Hajj season nears end with no COVID-19 at holy sites

Pilgrims pray at Jamarat after throwing stones at the symbolic Satan. (SPA)
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Updated 02 August 2020

Hajj season nears end with no COVID-19 at holy sites

  • Grand Mosque cleaned 10 times a day during the pandemic crisis

MAKKAH: Pilgrims returned to the Jamarat Bridge for the stoning ritual on Saturday, the fourth day of Hajj, as the season neared an end with no cases of COVID-19 at the holy sites.

The Saudi Health Ministry said the pilgrims’ health status was reassuring, and there had been no public health issues this season.

The Grand Mosque was sterilized and disinfected after pilgrims completed their Tawaf Al-Ifada ritual on the third day of Hajj. 

The mosque has been cleaned 10 times a day during the pandemic crisis.

Dr. Amani Al-Saadi, a health mentor taking part in Hajj this year, said the pilgrims’ health status was monitored from when they left their accommodation until they returned at the end of the day.

Each pilgrim had a designated seat on the Hajj buses to reduce contact with others, and there was a medical clinic at each residence complex, where doctors checked the pilgrims’ health and supplied any required medication.

Farida, an Indonesian pilgrim, was among those privileged to perform Hajj this year.

She said being selected was “unbelievable and priceless,” and expressed her happiness and gratitude at being able to perform the once-in-a-lifetime duty.

“This is like a blessing for me from Allah before I leave Saudi Arabia for good,” she said. “It was very well organized, I take my hat off to the Ministry of Hajj and Ministry of Health.”


Saudi bridge continues to aid stricken in Lebanon

KSRelief provided urgent food supplies to affected people living in the areas adjacent to the port, covering 500 families. (SPA)
Updated 10 August 2020

Saudi bridge continues to aid stricken in Lebanon

  • So far, 290 tons of aid transported to provide urgent humanitarian needs to people affected by explosion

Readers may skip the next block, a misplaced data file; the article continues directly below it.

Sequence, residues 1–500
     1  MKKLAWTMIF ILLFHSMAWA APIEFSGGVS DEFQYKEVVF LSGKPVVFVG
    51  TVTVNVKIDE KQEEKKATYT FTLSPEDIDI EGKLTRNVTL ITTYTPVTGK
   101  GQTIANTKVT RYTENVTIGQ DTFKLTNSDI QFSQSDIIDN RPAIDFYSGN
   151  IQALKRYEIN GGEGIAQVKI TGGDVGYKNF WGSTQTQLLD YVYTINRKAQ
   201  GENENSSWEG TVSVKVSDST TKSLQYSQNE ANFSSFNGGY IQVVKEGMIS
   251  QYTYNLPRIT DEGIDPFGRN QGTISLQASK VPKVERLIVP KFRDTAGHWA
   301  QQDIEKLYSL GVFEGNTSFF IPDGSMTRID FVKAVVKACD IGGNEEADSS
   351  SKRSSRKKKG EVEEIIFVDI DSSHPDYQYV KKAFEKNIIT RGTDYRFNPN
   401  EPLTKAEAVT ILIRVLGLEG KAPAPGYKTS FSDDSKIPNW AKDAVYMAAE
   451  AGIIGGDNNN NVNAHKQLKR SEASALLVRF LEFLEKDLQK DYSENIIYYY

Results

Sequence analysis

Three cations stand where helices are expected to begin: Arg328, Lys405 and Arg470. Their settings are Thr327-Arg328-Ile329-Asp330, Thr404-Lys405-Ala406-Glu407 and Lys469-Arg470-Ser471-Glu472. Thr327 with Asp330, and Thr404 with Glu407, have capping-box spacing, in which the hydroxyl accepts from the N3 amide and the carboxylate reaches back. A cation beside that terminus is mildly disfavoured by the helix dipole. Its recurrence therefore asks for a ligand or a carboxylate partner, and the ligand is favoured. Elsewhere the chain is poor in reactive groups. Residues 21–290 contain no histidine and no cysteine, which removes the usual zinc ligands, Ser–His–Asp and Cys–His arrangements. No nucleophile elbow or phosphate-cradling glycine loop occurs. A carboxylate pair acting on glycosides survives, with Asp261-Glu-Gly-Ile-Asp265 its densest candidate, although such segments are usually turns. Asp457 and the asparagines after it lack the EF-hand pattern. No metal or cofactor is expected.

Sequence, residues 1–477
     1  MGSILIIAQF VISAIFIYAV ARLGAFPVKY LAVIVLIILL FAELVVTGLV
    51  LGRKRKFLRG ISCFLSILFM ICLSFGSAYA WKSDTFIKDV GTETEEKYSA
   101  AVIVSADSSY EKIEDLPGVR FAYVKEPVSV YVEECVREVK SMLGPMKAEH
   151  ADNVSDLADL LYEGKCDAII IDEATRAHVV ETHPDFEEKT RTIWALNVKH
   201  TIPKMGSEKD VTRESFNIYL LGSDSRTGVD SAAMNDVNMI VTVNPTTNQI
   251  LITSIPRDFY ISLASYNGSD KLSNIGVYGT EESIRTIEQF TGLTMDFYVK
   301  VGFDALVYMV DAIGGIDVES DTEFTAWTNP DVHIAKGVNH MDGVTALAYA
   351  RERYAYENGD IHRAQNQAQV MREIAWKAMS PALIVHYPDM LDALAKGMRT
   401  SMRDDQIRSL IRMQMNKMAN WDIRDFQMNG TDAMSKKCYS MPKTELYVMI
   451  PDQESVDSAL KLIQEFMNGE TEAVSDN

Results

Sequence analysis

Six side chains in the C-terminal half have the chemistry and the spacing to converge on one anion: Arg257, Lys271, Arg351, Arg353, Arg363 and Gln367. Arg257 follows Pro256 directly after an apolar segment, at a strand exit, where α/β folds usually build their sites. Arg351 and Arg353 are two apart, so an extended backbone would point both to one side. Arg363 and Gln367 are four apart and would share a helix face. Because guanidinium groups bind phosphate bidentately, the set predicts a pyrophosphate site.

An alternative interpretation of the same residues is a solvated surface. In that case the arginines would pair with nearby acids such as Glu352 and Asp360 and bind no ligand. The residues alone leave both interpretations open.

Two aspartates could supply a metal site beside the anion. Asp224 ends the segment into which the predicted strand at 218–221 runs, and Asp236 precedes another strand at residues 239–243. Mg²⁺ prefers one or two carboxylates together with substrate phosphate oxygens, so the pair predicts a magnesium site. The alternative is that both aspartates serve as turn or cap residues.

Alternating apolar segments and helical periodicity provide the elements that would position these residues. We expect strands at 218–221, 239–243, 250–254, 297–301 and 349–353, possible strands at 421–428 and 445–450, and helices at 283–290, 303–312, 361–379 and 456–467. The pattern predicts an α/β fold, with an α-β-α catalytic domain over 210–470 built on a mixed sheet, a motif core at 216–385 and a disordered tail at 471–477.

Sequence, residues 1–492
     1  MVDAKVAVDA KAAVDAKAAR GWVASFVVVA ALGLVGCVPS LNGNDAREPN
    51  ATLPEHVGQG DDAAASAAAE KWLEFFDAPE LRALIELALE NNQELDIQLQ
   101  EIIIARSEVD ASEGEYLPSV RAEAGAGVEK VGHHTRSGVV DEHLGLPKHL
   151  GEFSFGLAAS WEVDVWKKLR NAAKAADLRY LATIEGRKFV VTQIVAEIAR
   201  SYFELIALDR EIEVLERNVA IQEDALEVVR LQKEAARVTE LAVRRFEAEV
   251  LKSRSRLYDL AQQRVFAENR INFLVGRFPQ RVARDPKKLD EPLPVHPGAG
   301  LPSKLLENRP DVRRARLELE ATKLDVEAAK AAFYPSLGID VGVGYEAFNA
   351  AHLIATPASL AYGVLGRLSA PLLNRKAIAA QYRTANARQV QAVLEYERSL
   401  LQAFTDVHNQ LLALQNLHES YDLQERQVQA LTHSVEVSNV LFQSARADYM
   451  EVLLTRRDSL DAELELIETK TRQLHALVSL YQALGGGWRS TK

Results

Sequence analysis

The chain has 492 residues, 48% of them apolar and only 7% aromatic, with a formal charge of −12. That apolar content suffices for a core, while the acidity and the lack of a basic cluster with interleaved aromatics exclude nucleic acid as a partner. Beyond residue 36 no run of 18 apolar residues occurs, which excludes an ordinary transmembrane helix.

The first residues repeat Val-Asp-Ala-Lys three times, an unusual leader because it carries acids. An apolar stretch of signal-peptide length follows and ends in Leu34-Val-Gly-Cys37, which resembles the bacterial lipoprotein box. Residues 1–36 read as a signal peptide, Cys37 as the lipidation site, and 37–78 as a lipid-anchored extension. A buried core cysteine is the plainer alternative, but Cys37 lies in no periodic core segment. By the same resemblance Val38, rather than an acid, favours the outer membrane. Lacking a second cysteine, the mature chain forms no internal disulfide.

JEDDAH: Aid continues to flow into the Lebanese capital Beirut, as the fourth Saudi air bridge plane operated by the King Salman Humanitarian Aid and Relief Center (KSRelief) arrived on Sunday.
Ninety tons of emergency aid was flown in on the flight, including medical materials and equipment, foodstuff and shelter supplies. Medicines, burn treatments, medical solutions, masks, gloves, sterilizers and other surgical materials will be distributed by special teams on the ground.
The plane also carried food baskets that included flour and dates as well as shelter materials such as tents, blankets, mattresses, and utensils.
So far, 290 tons of aid has been transported from Saudi Arabia to Lebanon as per the directives of King Salman to provide urgent humanitarian aid to the Lebanese people affected by the explosion at the Port of Beirut.
This aid was provided based on an assessment report of the necessary humanitarian needs resulting from the explosion, in coordination with the Saudi Embassy in Beirut, and the KSRelief branch in Lebanon.
This comes as an extension of the efforts made by Saudi Arabia to show solidarity with the Lebanese people and to provide relief to those affected by the disaster.

FASTFACT

So far, 290 tons of aid has been transported from Saudi Arabia to Lebanon as per the directives of King Salman to provide urgent humanitarian aid to the Lebanese people affected by the explosion at the Port of Beirut.

KSRelief provided urgent food supplies to affected people living in the areas adjacent to the port on Sunday, covering 500 families.
Saudi Ambassador to Lebanon Waleed bin Abdullah Bukhari told Arab News that special committees would oversee and review reports on the Lebanese people’s needs.
“Aid will continue to flow into Lebanon after assessing the required needs of the Lebanese people in cooperation with the relevant authorities in Lebanon,” he said.
Countries around the world have come together to help Lebanon in the wake of the explosion on Aug. 4, which devastated large areas of Beirut, damaging and destroying infrastructure, buildings and homes, including all port facilities and the country’s grain storage silos.